Sunday, June 1, 2014

Act I, scene iv (Hamlet, Horatio, Ghost)

I.i I.ii I.iii I.iv I.v II.i II.ii III.i IIII.ii III.iii III.iv IV.i IV.ii IV.iii IV.iv IV.v IV.vii V.i V.ii

Scene IV. The platform.

video: olivier 1948

[Enter Hamlet, Horatio, and Marcellus.]

Hamlet: The air bites shrewdly; it is very cold.

like a shrew

Horatio: It is a nipping and an eager air.

"eager" like acid

U38: "Airs romped around him, nipping and eager airs."
FW132.07 "aiger air"

Hamlet: What hour now?

Horatio: I think it lacks of twelve.

Marcellus: No, it is struck.

Horatio: Indeed? I heard it not: then draws near the season
Wherein the spirit held his wont to walk.

(makes it sound like it was longer ago and more often than for the last three nights: why not 'holds'?)

[A flourish of trumpets, and ordnance shot off within.]

cf I.ii "This gentle and unforc'd accord of Hamlet Sits smiling to my heart: in grace whereof, No jocund health that Denmark drinks to-day But the great cannon to the clouds shall tell; And the king's rouse the heaven shall bruit again, Re-speaking earthly thunder"

WS is dramatizing the contrasting moods of Hamlet and Claudius

What does this mean, my lord?

Hamlet: The King doth wake to-night and takes his rouse,
Keeps wassail, and the swaggering up-spring reels;
And, as he drains his draughts of Rhenish down,
The kettle-drum and trumpet thus bray out
The triumph of his pledge.

even the Danish king celebrates his coronation by getting drunk

Horatio: Is it a custom?

Hamlet: Ay, marry, is't;
But to my mind,—though I am native here,
And to the manner born,—it is a custom
More honour'd in the breach than the observance.
This heavy-headed revel east and west
Makes us traduc'd and tax'd of other nations:
They clepe us drunkards, and with swinish phrase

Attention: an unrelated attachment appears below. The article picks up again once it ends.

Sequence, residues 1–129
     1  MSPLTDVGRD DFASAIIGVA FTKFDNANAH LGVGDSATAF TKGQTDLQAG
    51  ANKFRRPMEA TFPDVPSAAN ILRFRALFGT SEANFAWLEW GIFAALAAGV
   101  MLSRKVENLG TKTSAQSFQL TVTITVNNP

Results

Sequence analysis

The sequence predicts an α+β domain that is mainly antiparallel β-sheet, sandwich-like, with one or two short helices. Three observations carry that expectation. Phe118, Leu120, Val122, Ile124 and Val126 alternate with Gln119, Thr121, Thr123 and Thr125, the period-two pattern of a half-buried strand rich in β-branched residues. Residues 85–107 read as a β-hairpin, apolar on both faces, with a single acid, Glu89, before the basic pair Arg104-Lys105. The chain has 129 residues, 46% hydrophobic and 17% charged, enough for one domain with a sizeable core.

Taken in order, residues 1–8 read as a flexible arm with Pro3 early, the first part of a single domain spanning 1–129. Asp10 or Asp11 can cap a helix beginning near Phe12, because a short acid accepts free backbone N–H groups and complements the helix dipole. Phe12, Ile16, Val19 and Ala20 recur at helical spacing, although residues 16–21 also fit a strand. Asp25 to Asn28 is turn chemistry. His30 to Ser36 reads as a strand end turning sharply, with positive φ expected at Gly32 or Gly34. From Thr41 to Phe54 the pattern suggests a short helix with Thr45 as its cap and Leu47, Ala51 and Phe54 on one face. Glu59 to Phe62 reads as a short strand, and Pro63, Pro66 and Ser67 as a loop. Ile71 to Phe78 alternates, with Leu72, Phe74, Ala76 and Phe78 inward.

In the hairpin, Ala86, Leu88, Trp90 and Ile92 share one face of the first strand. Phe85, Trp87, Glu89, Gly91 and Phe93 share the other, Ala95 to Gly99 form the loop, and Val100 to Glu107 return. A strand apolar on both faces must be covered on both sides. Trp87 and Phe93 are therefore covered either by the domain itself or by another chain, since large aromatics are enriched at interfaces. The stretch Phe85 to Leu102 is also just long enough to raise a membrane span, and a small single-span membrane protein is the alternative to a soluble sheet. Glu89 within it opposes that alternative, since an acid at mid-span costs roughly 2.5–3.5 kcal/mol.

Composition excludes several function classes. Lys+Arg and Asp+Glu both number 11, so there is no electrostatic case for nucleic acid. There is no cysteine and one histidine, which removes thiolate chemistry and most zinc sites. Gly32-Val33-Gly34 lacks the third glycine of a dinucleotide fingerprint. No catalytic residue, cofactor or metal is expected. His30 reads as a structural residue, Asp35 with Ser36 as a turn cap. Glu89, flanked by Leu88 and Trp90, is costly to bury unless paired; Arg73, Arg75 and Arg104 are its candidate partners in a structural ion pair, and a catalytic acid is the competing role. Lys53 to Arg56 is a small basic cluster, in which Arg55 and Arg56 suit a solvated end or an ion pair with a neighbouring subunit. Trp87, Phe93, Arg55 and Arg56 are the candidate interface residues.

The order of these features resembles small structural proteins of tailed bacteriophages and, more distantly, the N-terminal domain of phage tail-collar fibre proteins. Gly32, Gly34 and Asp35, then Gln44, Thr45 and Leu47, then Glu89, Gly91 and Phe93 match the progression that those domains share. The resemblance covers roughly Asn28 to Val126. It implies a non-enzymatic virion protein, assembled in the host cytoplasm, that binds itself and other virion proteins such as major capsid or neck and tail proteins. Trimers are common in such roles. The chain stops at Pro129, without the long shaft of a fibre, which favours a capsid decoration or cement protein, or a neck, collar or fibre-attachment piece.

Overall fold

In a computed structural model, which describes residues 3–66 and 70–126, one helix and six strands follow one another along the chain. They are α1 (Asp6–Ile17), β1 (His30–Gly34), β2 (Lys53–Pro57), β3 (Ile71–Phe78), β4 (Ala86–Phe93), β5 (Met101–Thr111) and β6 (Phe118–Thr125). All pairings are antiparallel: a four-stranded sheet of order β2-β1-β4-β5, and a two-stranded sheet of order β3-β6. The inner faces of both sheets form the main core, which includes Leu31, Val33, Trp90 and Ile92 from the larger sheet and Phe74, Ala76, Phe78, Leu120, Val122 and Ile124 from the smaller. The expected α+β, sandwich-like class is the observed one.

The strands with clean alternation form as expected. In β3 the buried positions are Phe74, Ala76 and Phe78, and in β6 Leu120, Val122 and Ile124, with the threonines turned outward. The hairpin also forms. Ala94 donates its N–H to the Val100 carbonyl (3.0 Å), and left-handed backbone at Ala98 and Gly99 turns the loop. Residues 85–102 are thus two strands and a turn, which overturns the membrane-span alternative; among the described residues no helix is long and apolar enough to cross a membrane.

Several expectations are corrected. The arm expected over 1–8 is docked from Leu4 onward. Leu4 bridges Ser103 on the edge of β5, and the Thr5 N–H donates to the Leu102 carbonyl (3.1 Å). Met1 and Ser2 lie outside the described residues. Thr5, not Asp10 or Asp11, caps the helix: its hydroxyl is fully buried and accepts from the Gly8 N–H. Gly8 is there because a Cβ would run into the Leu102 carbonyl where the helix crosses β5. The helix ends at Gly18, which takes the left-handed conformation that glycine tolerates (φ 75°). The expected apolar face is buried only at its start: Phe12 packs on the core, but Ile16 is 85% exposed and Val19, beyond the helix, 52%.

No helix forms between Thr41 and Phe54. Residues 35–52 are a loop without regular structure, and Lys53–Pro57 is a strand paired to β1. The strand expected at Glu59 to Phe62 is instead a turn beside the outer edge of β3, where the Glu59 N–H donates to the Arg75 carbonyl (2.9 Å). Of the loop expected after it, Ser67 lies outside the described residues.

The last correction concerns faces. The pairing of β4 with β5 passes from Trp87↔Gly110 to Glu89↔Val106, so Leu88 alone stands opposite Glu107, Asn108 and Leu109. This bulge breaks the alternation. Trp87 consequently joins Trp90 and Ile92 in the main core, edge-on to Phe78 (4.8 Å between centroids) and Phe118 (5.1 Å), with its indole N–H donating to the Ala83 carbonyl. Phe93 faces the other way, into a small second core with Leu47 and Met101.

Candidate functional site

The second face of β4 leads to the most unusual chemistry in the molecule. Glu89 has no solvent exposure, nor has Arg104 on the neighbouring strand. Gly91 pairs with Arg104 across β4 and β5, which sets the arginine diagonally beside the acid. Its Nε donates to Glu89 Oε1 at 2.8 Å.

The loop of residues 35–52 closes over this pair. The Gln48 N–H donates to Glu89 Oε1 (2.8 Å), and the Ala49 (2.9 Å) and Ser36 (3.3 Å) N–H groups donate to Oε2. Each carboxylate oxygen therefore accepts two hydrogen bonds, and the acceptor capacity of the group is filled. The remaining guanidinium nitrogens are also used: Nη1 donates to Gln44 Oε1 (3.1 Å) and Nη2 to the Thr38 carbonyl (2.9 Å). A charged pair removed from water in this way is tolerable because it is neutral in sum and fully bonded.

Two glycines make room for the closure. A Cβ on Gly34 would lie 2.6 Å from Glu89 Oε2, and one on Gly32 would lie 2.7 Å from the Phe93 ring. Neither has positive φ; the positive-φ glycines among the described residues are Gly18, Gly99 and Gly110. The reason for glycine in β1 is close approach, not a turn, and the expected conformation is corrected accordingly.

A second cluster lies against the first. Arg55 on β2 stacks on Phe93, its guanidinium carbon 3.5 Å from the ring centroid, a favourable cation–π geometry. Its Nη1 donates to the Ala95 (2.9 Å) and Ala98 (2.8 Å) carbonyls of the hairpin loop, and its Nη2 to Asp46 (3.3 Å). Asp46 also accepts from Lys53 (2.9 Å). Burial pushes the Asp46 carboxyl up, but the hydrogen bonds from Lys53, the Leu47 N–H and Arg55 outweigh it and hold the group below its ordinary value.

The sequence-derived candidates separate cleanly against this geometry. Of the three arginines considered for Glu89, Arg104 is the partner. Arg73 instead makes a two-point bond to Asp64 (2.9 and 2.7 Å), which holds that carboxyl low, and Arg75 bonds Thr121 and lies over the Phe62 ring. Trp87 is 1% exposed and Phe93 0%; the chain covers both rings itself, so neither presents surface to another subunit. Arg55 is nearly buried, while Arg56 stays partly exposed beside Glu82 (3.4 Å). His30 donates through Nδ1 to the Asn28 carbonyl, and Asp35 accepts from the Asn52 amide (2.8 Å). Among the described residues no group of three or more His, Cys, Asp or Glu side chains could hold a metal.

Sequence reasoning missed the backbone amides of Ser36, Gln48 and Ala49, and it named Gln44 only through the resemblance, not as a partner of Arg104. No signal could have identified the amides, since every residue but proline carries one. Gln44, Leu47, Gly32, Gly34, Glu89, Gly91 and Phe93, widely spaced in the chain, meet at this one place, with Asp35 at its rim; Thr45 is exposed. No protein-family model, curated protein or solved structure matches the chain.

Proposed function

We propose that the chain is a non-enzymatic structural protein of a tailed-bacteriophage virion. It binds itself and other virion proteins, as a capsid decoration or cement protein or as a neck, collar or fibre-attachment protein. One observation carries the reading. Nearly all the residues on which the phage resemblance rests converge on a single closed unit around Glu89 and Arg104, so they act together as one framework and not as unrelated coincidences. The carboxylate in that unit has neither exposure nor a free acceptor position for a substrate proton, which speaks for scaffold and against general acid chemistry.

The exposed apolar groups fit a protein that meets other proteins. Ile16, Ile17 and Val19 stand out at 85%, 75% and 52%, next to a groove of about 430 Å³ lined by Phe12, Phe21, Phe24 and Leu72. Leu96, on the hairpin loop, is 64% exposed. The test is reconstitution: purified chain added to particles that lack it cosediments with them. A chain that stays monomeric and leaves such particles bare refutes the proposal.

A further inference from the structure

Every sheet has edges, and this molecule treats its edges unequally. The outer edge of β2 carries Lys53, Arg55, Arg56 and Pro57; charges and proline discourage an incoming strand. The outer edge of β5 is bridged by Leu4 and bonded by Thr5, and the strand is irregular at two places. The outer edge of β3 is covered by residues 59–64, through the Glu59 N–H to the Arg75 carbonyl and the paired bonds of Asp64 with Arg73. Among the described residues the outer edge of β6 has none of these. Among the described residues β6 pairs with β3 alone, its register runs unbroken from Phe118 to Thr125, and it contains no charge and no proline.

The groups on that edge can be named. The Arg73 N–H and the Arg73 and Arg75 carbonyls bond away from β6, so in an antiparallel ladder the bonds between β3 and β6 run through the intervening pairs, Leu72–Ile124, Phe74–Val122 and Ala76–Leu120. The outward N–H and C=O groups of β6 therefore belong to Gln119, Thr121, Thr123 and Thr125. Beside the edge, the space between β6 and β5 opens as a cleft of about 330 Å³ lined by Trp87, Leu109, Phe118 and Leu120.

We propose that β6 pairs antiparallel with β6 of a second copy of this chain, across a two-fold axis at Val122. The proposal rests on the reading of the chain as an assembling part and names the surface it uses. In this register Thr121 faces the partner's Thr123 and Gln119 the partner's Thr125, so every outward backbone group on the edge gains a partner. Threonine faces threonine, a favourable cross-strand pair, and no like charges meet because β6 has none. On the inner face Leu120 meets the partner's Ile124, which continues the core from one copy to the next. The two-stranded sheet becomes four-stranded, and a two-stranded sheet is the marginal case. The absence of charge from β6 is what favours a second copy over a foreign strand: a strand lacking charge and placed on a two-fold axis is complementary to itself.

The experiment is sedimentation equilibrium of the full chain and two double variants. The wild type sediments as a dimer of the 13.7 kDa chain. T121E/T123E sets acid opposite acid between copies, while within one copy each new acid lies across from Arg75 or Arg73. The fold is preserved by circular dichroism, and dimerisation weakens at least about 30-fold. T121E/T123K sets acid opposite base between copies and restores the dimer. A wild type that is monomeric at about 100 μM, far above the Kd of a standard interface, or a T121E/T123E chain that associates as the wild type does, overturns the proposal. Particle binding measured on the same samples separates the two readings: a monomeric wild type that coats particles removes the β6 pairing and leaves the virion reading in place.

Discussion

Soil our addition; and, indeed, it takes
From our achievements, though perform'd at height,
The pith and marrow of our attribute.
So oft it chances in particular men
That, for some vicious mole of nature in them,
As in their birth,—wherein they are not guilty,
Since nature cannot choose his origin,—
By the o'ergrowth of some complexion,
Oft breaking down the pales and forts of reason;
Or by some habit, that too much o'er-leavens
The form of plausive manners;—that these men,—
Carrying, I say, the stamp of one defect,
Being nature's livery, or fortune's star,—
Their virtues else,—be they as pure as grace,
As infinite as man may undergo,—
Shall in the general censure take corruption
From that particular fault: the dram of eale
Doth all the noble substance often doubt
To his own scandal.

Hamlet gives a speech against Danes' drinking as he awaits the ghost (c1600 some were blaming the Danes for setting a bad example to Britain)

"to the manner born" loses Hamlet's primary meaning ('I reject their custom') when it's misquoted as 'manor'

FW365.05 "to the manhor bourne"

some early Danish kings were named 'Sweyn' (swine?)

"addition" = honorific added to name
"at height" = to the highest standards
"The pith and marrow of our attribute" = the core virtue we want attributed to us
"mole" = birthmark

Horatio: Look, my lord, it comes!

[Enter Ghost.]

Hamlet: Angels and ministers of grace defend us!—
Be thou a spirit of health or goblin damn'd,
Bring with thee airs from heaven or blasts from hell,